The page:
Mona Niccolosa came from one of the few lineages that could rival the Medici in the fifteenth century. The Alessandri dominated their neighbourhood by building a magnificent Renaissance palace on what was still called Borgo San Piero in Niccolosa’s day. Occupying almost an entire city block, this impressive residence—Niccolosa’s family home—was part of the building boom that transformed the face of fifteenth-century Florence.

Grand family palaces were designed to host a constant stream of visitors and the intense social activity sparked by ceremonies of all kinds. More than simple spaces for habitation, the interiors of Renaissance palaces included rooms and passageways that served as everyday theaters for the performance of honor and magnificence. Distinguished visitors were received with all the trappings of wealth, guests treated to sumptuous banquets. Little wonder, then, that Savonarola’s followers yearned for a simpler way of life.

The massive walls of the Alessandri palace, where Niccolosa grew up, provided a backdrop for one of the signature events in Florentine religious life—the performance of a healing miracle that became enshrined in local ritual. On the street fronting the Alessandri palace, Bishop Zanobi had miraculously raised a child from the dead some ten centuries earlier. This legendary moment was immortalized in Niccolosa’s day by the Renaissance painters Domenico Veneziano (c. 1445) and Sandro Botticelli (c. 1500), and would be given new life many times over as a mark of civic pride.

For all its architectural glory, Renaissance Florence was an urban honeycomb teeming with poor widows. In 1427, when the famous Catasto surveyed the entire urban population, one in four women was a widow—very few of them rich. Limited finances often forced widows to pool resources, setting up small households of three or four in an economy of makeshift.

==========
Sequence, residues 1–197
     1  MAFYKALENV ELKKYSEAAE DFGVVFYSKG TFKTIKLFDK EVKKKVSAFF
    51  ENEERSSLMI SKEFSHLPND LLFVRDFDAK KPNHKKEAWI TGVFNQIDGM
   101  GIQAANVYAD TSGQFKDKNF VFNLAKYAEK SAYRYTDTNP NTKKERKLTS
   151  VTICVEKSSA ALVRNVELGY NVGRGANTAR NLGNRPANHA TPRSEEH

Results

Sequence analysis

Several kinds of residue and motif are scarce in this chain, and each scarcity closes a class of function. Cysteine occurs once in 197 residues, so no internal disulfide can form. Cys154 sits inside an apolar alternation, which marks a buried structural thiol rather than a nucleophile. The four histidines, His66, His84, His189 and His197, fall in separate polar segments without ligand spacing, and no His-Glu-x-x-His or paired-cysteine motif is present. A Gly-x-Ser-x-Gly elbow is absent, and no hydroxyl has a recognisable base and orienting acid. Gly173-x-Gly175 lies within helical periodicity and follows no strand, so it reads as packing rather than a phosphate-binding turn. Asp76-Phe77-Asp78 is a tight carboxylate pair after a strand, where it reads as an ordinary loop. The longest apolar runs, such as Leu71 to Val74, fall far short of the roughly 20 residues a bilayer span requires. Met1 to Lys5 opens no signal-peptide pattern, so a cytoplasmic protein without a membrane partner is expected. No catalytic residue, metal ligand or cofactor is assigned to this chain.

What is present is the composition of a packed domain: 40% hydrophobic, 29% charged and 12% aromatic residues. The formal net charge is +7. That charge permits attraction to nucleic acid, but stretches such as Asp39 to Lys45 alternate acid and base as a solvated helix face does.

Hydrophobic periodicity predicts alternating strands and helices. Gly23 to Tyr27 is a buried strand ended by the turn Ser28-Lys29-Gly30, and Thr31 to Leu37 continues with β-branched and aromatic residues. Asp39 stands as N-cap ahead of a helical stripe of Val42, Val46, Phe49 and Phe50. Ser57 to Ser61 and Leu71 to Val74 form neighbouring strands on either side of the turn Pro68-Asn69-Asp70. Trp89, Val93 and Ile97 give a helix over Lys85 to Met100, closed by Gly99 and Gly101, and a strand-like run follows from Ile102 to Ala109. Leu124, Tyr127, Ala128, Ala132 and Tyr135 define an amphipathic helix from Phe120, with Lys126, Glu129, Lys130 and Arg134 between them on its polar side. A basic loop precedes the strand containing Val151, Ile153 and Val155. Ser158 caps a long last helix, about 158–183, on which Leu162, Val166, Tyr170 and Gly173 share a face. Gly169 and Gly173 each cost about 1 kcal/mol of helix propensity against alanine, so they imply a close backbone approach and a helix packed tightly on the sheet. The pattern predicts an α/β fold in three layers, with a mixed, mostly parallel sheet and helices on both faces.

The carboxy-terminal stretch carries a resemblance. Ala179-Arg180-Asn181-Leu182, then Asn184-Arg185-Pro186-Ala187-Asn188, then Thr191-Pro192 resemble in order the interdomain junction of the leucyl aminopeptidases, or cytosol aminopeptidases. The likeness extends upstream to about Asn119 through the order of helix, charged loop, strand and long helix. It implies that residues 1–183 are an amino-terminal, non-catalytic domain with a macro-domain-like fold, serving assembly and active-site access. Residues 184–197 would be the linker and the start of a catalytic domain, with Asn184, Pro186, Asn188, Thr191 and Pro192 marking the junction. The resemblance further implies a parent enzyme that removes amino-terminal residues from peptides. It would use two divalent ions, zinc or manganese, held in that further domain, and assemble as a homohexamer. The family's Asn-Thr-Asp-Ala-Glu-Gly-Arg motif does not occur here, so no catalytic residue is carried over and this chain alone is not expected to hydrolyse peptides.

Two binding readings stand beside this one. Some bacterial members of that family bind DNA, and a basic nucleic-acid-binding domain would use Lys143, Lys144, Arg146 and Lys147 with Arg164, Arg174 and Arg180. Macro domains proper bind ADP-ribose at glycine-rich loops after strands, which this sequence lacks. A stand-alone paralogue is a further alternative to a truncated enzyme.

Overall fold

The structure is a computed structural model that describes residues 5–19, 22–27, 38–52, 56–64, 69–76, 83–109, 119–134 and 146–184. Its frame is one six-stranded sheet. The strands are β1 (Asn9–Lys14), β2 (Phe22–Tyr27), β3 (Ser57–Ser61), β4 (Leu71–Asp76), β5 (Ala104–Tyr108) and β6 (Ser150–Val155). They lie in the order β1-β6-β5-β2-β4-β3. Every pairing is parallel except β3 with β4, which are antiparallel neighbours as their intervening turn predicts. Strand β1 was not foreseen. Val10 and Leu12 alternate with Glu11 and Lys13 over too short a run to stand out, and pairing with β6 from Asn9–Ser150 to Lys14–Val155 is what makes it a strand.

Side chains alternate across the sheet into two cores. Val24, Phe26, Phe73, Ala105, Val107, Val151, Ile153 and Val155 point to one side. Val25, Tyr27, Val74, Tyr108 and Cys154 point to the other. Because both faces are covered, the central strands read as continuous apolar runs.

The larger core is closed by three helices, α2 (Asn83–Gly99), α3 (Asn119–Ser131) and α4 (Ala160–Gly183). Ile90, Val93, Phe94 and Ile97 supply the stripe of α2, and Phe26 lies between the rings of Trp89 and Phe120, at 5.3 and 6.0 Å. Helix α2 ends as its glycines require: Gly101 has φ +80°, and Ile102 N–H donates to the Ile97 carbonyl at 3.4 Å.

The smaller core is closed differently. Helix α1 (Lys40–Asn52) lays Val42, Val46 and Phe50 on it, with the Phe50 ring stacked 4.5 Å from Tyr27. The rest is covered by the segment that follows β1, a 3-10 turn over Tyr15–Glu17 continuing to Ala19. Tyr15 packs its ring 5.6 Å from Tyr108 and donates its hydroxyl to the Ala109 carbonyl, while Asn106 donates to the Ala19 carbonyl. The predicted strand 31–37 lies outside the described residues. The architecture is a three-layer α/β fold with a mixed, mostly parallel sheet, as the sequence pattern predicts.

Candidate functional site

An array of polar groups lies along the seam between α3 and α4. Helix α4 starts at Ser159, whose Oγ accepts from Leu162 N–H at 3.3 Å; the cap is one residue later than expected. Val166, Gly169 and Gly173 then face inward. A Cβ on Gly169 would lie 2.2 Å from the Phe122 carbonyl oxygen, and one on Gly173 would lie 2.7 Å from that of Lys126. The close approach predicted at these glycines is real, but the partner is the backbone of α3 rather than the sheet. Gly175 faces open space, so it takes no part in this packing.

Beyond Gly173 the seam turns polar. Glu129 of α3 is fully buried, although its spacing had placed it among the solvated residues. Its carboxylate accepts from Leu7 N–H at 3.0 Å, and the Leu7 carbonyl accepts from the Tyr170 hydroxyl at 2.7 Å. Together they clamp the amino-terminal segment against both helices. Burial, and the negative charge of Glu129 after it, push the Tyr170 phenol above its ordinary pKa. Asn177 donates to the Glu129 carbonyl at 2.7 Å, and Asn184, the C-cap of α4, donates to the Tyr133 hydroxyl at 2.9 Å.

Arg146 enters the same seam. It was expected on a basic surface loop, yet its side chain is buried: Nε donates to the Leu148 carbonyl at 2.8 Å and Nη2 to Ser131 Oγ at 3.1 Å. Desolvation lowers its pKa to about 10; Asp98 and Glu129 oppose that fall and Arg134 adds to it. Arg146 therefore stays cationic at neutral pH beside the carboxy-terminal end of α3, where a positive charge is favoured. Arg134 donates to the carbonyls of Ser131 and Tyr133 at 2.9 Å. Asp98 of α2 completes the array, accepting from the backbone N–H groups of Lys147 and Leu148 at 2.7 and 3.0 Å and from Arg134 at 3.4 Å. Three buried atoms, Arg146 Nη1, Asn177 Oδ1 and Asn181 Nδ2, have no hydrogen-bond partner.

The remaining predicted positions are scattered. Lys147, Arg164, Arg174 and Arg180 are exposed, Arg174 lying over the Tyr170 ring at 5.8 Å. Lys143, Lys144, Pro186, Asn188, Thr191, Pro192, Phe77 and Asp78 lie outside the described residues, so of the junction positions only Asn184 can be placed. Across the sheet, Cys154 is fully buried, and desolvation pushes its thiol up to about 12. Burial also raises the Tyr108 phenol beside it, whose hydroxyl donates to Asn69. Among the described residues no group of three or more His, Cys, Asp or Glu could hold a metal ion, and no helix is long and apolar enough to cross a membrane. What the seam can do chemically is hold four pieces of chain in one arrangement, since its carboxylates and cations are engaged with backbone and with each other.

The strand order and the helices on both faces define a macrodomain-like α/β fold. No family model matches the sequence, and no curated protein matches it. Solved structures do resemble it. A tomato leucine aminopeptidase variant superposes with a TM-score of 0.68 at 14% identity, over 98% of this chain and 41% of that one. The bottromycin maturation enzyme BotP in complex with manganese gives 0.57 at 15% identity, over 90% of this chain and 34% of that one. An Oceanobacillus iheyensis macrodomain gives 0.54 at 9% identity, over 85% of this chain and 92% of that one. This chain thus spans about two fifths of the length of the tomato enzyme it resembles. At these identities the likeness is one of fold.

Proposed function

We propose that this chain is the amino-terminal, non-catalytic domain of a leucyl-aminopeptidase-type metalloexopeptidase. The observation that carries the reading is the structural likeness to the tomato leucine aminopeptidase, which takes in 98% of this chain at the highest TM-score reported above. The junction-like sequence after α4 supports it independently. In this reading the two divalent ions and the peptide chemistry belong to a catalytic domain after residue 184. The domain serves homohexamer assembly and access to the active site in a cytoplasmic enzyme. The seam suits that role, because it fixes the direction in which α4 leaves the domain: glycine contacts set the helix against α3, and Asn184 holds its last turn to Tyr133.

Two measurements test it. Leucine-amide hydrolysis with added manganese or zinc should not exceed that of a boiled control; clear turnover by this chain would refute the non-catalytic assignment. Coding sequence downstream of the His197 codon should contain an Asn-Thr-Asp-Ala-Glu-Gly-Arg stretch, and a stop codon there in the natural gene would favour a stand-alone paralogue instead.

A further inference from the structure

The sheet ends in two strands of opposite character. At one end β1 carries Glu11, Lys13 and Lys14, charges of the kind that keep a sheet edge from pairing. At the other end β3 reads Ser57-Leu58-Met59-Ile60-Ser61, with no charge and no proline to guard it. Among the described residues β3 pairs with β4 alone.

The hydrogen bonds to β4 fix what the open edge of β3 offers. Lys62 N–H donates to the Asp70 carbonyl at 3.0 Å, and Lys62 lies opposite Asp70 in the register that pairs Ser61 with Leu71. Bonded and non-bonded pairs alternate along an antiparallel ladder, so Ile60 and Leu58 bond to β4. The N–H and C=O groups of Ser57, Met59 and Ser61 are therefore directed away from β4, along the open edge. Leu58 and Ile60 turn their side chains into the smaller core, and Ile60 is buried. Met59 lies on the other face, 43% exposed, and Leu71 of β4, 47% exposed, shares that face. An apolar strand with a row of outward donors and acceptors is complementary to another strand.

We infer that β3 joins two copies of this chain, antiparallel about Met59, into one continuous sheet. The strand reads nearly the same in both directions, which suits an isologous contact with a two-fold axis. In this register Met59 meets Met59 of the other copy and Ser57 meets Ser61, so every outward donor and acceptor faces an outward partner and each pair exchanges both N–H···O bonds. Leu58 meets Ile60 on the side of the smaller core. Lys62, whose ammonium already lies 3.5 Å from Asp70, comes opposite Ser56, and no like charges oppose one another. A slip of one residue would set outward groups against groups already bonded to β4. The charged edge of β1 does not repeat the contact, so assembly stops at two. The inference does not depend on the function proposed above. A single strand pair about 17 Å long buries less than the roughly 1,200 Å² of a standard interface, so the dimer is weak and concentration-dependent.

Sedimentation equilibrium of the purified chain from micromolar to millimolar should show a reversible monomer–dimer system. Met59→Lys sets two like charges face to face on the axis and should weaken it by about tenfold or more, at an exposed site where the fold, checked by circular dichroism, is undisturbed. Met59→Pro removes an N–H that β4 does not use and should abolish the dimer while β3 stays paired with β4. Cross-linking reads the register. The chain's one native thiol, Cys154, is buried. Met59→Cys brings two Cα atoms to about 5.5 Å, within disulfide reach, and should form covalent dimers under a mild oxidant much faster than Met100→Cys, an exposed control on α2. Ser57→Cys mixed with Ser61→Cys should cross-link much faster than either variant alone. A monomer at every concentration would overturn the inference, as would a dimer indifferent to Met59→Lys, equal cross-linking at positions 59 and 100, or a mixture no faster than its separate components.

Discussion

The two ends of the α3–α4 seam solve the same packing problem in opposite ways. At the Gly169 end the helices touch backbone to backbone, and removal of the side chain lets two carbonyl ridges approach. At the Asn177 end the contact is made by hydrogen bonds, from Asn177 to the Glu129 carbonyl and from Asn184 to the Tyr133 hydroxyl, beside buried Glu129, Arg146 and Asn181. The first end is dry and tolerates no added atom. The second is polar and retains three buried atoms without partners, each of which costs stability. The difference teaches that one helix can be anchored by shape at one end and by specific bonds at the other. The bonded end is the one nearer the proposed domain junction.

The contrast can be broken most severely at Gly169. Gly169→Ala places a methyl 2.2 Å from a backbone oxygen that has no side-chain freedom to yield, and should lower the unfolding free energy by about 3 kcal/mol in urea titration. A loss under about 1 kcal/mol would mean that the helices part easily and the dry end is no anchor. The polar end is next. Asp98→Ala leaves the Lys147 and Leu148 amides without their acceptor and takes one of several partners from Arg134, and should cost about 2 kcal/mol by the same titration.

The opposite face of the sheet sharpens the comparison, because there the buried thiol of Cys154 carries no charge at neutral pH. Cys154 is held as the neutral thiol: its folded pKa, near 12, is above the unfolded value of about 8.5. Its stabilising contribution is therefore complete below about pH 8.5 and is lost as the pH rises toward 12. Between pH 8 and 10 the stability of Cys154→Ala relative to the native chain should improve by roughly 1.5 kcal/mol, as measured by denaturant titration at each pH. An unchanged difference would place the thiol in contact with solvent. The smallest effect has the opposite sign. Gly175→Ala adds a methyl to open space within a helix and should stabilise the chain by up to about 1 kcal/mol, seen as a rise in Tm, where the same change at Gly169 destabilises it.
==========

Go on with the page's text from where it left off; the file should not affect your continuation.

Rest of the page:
Propertied widows like Mona Niccolosa found themselves in a different position. When their husbands died, they enjoyed the customary right of “tornata” or return to their father’s house. Brothers, uncles and cousins were duty-bound to offer them room and board, which sometimes led to fierce resentment on their part.

Mona Niccolosa was lucky. Her father Alessandro granted her control over a substantial dowry, along with a small supplement. As a widow of means, she had money left over to dispense charity, as well as the ability to choose her favourite causes. Last wills and testaments from Florence and other Italian cities reveal that lay women supported nuns and nunneries more than any other pious venture, mainly because these institutions proved so responsive to their needs.

Sharon T. Strocchia


To cite this essay, we suggest:
Sharon Strocchia, ‘Family matters’ published online 2019, in ‘Hidden Florence’, The University of Exeter,

Further Reading

Ann Crabb, The Strozzi of Florence: Widowhood and Family Solidarity in the Renaissance. Ann Arbor, MI: University of Michigan Press, 2000.

Nicholas A. Eckstein, “The Widow’s Might: Identity and Devotion in the Brancacci Chapel,” Oxford Art Journal 28 (2005): 99-118

Julius Kirshner, Marriage, Dowry, and Citizenship in Late Medieval and Renaissance Italy. Toronto: University of Toronto Press, 2015.